Paper title: Progression of myopia with novel myopia control spectacle lenses
Authors: Rebecca Weng (1), Huy Dinh Minh Tran (1,2), Daniel P Spiegel (3), Bjorn Drobe (3), Thomas John Naduvilath (1), Padmaja Sankaridurg (1,4)
- Brien Holden Vision Institute, Sydney, New South Wales, Australia
- Haiyen Eye Care, Ho Chi Minh City, Viet Nam
- R&D Vision Sciences AMERA, Essilor International SAS, Singapore, Singapore, Singapore
- University of New South Wales, Sydney, New South Wales, Australia
Date: June 2022
Reference: Weng R, Tran HDM, Spiegel DP, Drobe B, Naduvilath TJ, Sankaridurg P. Progression of myopia with novel myopia control spectacle lenses. Invest. Ophthalmol. Vis. Sci. 2022;63(7):252 – A0106. [Link to abstract]
This abstract evaluated the progression of myopia in children wearing novel spectacle lenses with highly aspheric lenslets (HAL) in comparison to those wearing single vision spectacles (SV). This randomized, double-masked, cross-over trial involved 119 myopic Vietnamese children aged 7-13 years.
After 6 months of either HAL or SV wear (Stage 1), children were crossed-over to wear the other lens types for another 6 months (Stage 2). At the end of Stage 2, all children wore HAL for another 6 months. The two groups wore the lenses in the following order:
Group 1: HAL -->SV --> HAL
Group 2: SV --> HAL --> HAL
The results are detailed below:
- During Stages 1 and 2, myopia progressed significantly slower with highly aspheric lenses (0.07mm growth) than with single vision lenses (0.14 to 0.16mm growth).
- Group 1’s myopia progression during Stage 2 was not different to single vision progression during Stage 1 of Group 2. Importantly, this indicates no rebound of myopia with cessation of HAL treatment.
- In Group 2, Stage 3 spherical equivalent progression with HAL was greater compared to Stage 2 when wearing HAL, but axial elongation rates were similar (0.07 to 0.08mm over six months). This correlates with other reports of myopia control efficacy, in which the greatest effect is seen in the initial stage of treatment, although focus on the axial length results is more pertinent.
- Children reported long hours of wearing time, of greater than 13 hours per day, and no subjective issues with lens wear were reported by the children.
What does this mean for my clinical practice?
HAL spectacles were shown to slow myopia progression in this study, with the effect measurable when children commenced or recommenced HAL wear compared to single vision spectacles. Reassuringly, there was no evidence of rebound when children were switched from HAL spectacle lenses to single vision spectacles.
What do we still need to learn?
This novel cross-over design adds to the data of the two year longitudinal study, which you can read about here. Long-term visual performance was not reported in this study, but one short-term study has investigated acuity and contrast sensitivity, and the one-year data reported better than 20/20 equivalent mean acuity and adaptation of all groups to their spectacle lenses within 3 days.
Title: Progression of myopia with novel myopia control spectacle lenses
Authors: Rebecca Weng, Huy Dinh Minh Tran, Daniel P Spiegel, Bjorn Drobe, Thomas John Naduvilath, Padmaja Sankaridurg
Purpose: To evaluate the progression of myopia in children wearing novel spectacles with highly aspherical lenslets (HAL) versus conventional single-vision spectacles (SV) in a randomized, double-masked, and cross-over trial.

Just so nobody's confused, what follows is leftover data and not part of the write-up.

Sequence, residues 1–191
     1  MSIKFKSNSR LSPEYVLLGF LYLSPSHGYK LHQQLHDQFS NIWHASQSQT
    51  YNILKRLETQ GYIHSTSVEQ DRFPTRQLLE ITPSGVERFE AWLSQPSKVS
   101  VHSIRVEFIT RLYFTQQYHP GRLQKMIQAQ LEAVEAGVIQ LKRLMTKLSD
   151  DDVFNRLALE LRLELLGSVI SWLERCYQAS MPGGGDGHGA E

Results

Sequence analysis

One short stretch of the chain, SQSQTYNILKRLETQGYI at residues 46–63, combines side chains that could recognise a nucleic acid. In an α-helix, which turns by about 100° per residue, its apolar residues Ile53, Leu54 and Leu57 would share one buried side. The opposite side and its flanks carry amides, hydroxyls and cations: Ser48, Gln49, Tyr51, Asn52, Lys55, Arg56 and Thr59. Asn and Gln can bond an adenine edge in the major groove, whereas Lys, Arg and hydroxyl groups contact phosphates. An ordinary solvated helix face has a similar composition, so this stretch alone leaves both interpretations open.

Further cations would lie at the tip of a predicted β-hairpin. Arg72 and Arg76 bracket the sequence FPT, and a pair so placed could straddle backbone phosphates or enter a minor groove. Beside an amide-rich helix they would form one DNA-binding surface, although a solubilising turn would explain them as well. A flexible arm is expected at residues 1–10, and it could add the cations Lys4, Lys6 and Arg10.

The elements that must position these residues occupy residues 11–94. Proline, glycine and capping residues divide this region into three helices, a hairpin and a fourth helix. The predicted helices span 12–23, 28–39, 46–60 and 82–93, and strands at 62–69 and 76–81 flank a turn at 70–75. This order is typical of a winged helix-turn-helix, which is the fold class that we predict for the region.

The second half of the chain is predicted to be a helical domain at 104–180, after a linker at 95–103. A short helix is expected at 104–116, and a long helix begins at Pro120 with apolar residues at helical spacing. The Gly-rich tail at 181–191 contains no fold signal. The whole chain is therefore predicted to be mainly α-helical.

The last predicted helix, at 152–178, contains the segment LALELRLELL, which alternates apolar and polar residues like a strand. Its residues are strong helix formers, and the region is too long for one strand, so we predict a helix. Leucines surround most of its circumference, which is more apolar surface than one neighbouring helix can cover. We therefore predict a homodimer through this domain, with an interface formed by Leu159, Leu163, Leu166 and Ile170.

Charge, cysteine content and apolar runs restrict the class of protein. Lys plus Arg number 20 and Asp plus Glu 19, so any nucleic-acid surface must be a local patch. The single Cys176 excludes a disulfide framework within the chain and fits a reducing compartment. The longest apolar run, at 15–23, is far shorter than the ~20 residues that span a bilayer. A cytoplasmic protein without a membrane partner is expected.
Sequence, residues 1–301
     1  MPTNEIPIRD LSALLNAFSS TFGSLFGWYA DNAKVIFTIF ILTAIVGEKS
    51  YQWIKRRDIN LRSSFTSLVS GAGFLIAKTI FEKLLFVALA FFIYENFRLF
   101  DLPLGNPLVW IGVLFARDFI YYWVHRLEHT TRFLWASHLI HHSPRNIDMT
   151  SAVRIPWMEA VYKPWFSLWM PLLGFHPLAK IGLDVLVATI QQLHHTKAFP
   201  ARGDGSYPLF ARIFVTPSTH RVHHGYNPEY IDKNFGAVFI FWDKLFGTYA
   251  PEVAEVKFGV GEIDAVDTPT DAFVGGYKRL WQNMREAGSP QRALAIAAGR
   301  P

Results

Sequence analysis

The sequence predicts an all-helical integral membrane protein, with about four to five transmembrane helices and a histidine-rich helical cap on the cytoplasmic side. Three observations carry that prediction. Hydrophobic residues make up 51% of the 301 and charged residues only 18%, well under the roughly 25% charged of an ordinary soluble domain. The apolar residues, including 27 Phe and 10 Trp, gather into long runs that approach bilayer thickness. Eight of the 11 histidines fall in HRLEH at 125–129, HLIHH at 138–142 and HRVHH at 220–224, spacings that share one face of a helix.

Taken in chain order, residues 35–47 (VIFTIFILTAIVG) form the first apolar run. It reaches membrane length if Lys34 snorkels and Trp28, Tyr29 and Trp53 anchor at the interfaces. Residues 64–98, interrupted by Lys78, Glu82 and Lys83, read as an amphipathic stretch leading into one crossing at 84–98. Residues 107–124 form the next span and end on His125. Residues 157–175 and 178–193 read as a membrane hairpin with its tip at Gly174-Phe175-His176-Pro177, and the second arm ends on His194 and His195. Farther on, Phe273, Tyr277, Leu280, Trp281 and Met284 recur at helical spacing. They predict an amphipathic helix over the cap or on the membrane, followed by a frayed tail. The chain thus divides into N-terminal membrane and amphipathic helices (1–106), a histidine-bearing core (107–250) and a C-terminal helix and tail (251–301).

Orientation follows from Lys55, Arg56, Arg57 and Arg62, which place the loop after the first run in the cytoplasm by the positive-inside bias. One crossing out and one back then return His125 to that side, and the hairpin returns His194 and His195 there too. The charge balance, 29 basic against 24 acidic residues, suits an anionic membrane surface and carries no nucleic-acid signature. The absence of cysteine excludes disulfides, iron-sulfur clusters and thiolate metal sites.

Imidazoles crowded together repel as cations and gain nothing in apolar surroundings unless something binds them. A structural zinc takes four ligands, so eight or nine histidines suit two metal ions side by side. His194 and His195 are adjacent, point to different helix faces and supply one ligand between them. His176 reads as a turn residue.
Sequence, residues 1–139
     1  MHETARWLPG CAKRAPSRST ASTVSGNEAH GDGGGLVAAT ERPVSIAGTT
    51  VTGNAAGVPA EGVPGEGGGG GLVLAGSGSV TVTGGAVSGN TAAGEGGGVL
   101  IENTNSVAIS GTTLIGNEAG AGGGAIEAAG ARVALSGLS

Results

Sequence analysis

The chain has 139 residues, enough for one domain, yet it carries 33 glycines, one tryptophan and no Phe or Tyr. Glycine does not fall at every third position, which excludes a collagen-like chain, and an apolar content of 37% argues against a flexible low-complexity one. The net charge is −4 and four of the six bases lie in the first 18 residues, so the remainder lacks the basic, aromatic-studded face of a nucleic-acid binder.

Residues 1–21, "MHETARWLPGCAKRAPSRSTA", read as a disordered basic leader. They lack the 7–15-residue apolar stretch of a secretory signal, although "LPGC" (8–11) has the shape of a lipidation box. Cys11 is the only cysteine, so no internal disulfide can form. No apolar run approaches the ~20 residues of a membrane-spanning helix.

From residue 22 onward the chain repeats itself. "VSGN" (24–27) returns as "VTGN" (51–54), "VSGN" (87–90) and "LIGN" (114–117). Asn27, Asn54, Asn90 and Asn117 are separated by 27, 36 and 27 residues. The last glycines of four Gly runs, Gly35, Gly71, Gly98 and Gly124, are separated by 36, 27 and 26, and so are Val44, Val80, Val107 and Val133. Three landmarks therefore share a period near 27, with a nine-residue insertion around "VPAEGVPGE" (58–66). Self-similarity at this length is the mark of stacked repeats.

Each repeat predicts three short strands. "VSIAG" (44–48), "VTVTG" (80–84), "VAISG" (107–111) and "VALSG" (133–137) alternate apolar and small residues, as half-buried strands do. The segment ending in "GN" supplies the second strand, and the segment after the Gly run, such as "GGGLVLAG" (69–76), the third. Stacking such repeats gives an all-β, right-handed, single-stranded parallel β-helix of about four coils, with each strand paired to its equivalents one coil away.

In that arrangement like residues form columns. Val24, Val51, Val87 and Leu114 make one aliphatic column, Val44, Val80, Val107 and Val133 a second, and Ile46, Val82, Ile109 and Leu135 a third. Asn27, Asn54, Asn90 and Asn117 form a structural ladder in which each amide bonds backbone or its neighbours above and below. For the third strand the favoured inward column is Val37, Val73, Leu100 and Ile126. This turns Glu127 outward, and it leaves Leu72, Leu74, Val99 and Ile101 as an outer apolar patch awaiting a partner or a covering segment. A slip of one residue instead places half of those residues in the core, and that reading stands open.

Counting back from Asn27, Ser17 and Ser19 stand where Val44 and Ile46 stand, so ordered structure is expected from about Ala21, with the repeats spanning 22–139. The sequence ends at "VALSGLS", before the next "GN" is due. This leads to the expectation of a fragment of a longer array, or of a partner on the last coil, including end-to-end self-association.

Methods: 119 Vietnamese children, aged 7 to 13 years with baseline (BL) refractive error ranging from -0.75 to -4.75D, cylinder ≤ 1.50D were assigned to 2 groups to wear either HAL or SV, and after 6 months (Stage 1) crossed over to wear the other lens type for another 6 months (Stage 2). At the end of stage 2, all children (n=105) wore HAL for a further 6 months. Based on the order in which they wore the lenses at each stage, Group I was designated HSH (HAL - SV – HAL) and Group 2 SHH (SV-HAL-HAL). Cycloplegic autorefraction was performed at BL and then every 6 months and axial length (AL) measurements were collected at BL and 3 monthly thereafter. Myopia progression (change in spherical equivalent refractive error (SE) and AL) was compared between groups. A linear mixed model with subject random intercept (adjusted for confounders -age, gender, parental myopia) was used for analysis. Post hoc multiple comparisons were Bonferroni corrected. The level of significance was set at 5%.
Results: During stages 1 and 2, myopia progressed slower with HAL than SV (significant for AL for both stages and SE for Stage 2). In the HSH group, myopia progression with SV during Stage 2 was not different to SV progression observed at Stage 1 SHH group (p=0.208 and 0.092 for SE and AL respectively) and indicates no rebound of myopia. In the SHH group, Stage 3 change in SE with HAL was greater compared to stage 2 (p<0.001) but not for AL. Children reported long hours of wearing (>13 hrs/day) and there were no subjective issues with lens wear.
Conclusion: HAL spectacles slow myopia. This is evidenced by a) inter-group comparisons at Stages 1 and 2, and b) intragroup comparison when children switched between HAL and SV between stages. Children were compliant with lens wear and in this short-term, cross-over study there was no rebound when children were switched from HAL to SV. The reduced SE change with prolonged wear of HAL (Stage 2 to Stage 3 in the SHH group) needs further exploration.
Clare Maher is a clinical optometrist in Sydney, Australia, and a third year Doctor of Medicine student, with a keen interest in research analysis and scientific writing.